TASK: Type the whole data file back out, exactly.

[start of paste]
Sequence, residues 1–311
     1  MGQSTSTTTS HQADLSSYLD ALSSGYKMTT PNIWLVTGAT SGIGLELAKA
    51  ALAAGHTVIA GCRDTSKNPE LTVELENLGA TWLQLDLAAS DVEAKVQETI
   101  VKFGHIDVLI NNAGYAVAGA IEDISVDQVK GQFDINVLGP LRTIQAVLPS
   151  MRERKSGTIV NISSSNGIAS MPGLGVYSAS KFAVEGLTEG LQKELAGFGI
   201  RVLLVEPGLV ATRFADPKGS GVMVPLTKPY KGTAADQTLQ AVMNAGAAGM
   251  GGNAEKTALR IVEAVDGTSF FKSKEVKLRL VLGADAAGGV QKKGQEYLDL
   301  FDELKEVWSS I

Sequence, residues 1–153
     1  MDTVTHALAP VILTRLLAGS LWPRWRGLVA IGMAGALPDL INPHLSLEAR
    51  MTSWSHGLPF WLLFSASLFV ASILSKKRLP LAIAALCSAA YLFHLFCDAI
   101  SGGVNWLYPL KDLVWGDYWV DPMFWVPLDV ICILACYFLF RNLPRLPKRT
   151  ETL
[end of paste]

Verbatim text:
Sequence, residues 1–311
     1  MGQSTSTTTS HQADLSSYLD ALSSGYKMTT PNIWLVTGAT SGIGLELAKA
    51  ALAAGHTVIA GCRDTSKNPE LTVELENLGA TWLQLDLAAS DVEAKVQETI
   101  VKFGHIDVLI NNAGYAVAGA IEDISVDQVK GQFDINVLGP LRTIQAVLPS
   151  MRERKSGTIV NISSSNGIAS MPGLGVYSAS KFAVEGLTEG LQKELAGFGI
   201  RVLLVEPGLV ATRFADPKGS GVMVPLTKPY KGTAADQTLQ AVMNAGAAGM
   251  GGNAEKTALR IVEAVDGTSF FKSKEVKLRL VLGADAAGGV QKKGQEYLDL
   301  FDELKEVWSS I

Sequence, residues 1–153
     1  MDTVTHALAP VILTRLLAGS LWPRWRGLVA IGMAGALPDL INPHLSLEAR
    51  MTSWSHGLPF WLLFSASLFV ASILSKKRLP LAIAALCSAA YLFHLFCDAI
   101  SGGVNWLYPL KDLVWGDYWV DPMFWVPLDV ICILACYFLF RNLPRLPKRT
   151  ETL